Having a good memory can save your life, and smart creatures that learn to avoid bad situations (or home in on good ones) do better than animals that don't. However, life is unpredictable and it isn't always possible to base memories on established patterns. Divya Sitaraman and Troy Zars from University of Missouri, USA, explain that heat kills and Drosophila remember to avoid hot places better after random doses of heat. However, it wasn't clear whether it was the high temperature that enhanced the insect's memory or the unpredictable pattern. Sitaraman and Zars tested two groups of insects, one that had control over the thermostat and another that did not, to find out whether the high temperature or random temperature fluctuations primed the insect's memory (p. 4018).

First the team exposed one group of insects to a predictable pattern of high temperature fluctuations that the flies controlled by moving to one end of the arena, and a second group of insects to the same temperature fluctuations as the first, but with no control over the pattern, so that it occurred randomly as far as the insects were concerned. Having exposed both groups of insects to heat fluctuations, the team trained the insects to avoid one end of the arena by raising the temperature when the insects ventured there. Finally, the team tested the insects' memories by seeing whether they would remember to avoid the area that caused the temperature to rise, to see if the unpredictable pre-training heat pattern or just exposure to high temperatures had improved the insects' memories.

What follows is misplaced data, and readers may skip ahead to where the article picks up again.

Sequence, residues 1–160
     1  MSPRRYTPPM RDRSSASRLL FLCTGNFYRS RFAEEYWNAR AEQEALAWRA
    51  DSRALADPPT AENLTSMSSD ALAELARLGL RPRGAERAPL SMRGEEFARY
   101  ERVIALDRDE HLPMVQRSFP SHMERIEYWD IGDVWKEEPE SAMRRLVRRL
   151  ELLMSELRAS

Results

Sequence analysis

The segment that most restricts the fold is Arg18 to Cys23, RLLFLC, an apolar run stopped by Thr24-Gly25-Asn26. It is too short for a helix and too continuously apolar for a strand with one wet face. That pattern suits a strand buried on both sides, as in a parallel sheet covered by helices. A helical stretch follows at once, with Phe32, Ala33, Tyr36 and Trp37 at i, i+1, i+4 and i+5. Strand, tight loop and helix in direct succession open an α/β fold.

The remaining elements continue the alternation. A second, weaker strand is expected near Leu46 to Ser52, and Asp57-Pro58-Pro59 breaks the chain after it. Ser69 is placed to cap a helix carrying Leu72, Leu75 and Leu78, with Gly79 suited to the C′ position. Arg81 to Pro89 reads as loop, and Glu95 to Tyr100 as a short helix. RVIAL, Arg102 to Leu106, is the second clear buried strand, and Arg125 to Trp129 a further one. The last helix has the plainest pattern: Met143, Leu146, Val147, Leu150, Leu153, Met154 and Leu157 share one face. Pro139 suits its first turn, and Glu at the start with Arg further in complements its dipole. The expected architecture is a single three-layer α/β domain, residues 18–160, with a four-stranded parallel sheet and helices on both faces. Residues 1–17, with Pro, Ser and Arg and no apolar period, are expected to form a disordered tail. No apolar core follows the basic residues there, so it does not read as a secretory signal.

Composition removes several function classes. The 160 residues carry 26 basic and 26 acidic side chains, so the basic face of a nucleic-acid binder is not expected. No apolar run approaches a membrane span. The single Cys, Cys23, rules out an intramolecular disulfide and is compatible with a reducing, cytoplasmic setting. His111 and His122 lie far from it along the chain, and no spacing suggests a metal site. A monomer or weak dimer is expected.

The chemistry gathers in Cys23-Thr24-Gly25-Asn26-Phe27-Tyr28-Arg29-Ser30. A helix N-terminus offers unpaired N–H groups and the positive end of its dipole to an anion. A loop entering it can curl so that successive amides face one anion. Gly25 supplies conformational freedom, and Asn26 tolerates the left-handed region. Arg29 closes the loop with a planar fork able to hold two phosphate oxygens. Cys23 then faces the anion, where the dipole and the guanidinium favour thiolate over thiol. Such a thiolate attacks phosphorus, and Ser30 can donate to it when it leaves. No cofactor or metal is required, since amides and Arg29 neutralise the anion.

Amazingly, the memories of the flies that had experienced an unpredictable pre-training temperature pattern were twice as good as the flies that experienced a predictable pre-training temperature pattern: they were better at avoiding the end of the arena. So unpredictability enhanced memory formation in the flies. Sitaraman and Zars suspect that the flies store the unpredictable information in a ‘buffering system’. When the insects receive more accurate information about threatening temperatures the buffering system is released, improving the insects' memories.

Lack of prediction for high-temperature exposures enhances Drosophila place learning
J. Exp. Biol.